[Rd] Conventions: Use of globals and main functions

William Dunlap wdun|@p @end|ng |rom t|bco@com
Mon Aug 26 19:58:48 CEST 2019

Duncan Murdoch wrote:
>  Scripts are for throwaways, not for anything worth keeping.

I totally agree and have a tangentially relevant question about the <<-
operator.  Currently 'name <<- value' means to look up the environment
stack until you find 'name'  and (a) if you find 'name' in some frame bind
it to a new value in that frame and (b) if you do not find it make a new
entry for it in .GlobalEnv.

Should R deprecate the second part of that and give an error if 'name' is
not already present in the environment stack?  This would catch misspelling
errors in functions that collect results from recursive calls.  E.g.,

collectStrings <- function(list) {
    strings <- character() # to be populated by .collect
    .collect <- function(x) {
        if (is.list(x)) {
            lapply(x, .collect)
        } else if (is.character(x)) {
            strings <<- c(strings, x)
        misspelledStrings <<- c(strings, names(x)) # oops, would like to be
told about this error

This gives the incorrect:
> collectStrings(list(i="One", ii=list(a=1, b="Two")))
[1] "One" "Two"
> misspelledStrings
[1] "One" "Two" "i"   "ii"

instead of what we would get if 'misspelledStrings' were 'strings'.
> collectStrings(list(i="One", ii=list(a=1, b="Two")))
[1] "One" "Two" "a"   "b"   "i"   "ii"

If someone really wanted to assign into .GlobalEnv the assign() function is

In S '<<-' only had meaning (b) and R added meaning (a).  Perhaps it is
time to drop meaning (b).  We could start by triggering a warning about it
if some environment variable were set, as is being done for non-scalar &&
and ||.

Bill Dunlap
TIBCO Software
wdunlap tibco.com

On Sun, Aug 25, 2019 at 5:09 PM Duncan Murdoch <murdoch.duncan using gmail.com>

> On 25/08/2019 7:09 p.m., Cyclic Group Z_1 wrote:
> >
> >
> > This is a fair point; structuring functions into packages is probably
> ultimately the gold standard for code organization in R. However, lexical
> scoping in R is really not much different than in other languages, such as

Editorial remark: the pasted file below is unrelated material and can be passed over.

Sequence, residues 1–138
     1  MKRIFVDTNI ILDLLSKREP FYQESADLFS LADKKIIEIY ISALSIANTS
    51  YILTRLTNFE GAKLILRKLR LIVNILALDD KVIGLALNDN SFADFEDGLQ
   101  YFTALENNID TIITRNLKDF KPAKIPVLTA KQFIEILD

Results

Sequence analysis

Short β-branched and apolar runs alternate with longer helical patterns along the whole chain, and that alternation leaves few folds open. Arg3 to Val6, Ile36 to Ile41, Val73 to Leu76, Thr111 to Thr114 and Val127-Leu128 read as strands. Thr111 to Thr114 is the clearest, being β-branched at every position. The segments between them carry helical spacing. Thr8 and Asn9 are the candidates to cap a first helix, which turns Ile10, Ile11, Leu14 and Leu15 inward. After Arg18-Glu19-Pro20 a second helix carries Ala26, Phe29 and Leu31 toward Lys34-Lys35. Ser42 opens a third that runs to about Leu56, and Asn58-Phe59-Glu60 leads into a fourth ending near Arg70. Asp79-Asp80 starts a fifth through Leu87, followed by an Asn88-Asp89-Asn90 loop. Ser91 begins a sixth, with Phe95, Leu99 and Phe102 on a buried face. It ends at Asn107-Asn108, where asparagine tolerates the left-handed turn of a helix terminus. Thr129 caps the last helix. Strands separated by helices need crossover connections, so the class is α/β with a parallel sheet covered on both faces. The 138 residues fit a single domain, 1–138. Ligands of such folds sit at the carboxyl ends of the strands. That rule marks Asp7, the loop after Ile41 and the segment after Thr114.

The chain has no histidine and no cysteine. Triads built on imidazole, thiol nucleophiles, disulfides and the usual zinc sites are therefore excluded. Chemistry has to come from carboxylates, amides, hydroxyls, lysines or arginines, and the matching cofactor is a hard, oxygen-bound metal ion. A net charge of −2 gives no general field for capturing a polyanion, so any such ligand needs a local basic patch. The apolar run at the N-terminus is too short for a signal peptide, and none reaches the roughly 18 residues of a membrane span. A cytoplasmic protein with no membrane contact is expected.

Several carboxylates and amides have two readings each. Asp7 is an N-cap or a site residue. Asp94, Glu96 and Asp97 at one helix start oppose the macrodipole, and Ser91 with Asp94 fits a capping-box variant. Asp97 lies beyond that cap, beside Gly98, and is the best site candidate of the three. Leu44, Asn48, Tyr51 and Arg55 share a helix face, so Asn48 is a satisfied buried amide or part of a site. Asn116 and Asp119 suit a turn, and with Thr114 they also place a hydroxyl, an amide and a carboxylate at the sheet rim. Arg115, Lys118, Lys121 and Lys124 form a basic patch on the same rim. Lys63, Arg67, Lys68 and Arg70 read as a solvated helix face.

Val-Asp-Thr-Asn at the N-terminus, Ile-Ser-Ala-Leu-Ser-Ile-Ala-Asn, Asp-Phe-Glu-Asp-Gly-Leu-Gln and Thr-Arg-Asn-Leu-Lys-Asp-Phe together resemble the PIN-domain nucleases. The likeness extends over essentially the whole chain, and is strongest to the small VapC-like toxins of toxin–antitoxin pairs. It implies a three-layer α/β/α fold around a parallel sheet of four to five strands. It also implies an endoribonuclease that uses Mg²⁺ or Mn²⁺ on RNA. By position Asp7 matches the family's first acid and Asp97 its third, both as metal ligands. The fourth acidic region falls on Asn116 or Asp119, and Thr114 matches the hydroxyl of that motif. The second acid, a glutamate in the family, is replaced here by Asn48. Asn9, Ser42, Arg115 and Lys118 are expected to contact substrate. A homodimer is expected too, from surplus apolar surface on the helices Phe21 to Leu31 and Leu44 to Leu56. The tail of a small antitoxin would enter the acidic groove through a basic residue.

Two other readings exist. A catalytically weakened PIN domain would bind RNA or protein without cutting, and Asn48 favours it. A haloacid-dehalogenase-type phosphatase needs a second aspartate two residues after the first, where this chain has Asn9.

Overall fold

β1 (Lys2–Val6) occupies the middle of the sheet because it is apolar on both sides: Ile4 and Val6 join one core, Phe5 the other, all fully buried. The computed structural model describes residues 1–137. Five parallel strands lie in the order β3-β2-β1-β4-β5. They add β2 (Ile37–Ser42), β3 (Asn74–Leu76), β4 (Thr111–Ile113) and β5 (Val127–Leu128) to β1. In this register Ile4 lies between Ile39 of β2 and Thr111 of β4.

> Python, in which use of main functions and defining other named functions
> outside of main are encouraged. For example, in Scheme, from which R
> derives its scoping rules, the community generally organizes code with
> almost exclusively functions and few non-function global variables at top
> level. The common use of globals in R seems to be mostly a consequence of
> historical interactive use and, relatedly, an inherited practice from S.
> >
> > It is true, though, that since anonymous functions (such as in lapply)
> play a large part in idiomatic R code, as you put it, "[l]exical scoping
> means that all of the problems of global variables are available to writers
> who use main()." Nevertheless, using a main function with other functions
> defined outside it seems like a good quick alternative that offers similar
> advantages to making a package when functions are tightly coupled to the
> script and the project may not be large or generalizable enough to warrant
> making a package.
> >
> I think the idea that making a package is too hard is just wrong.
> Packages in R have lots of requirements, but nowadays there are tools
> that make them easy.  Eleven years ago at UseR in Dortmund I wrote a
> package during a 45 minute presentation, and things are much easier now.
> If you make a complex project without putting most of the code into a
> package, you don't have something that you will be able to modify in a
> year or two, because you won't have proper documentation.
> Scripts are for throwaways, not for anything worth keeping.
> Duncan Murdoch
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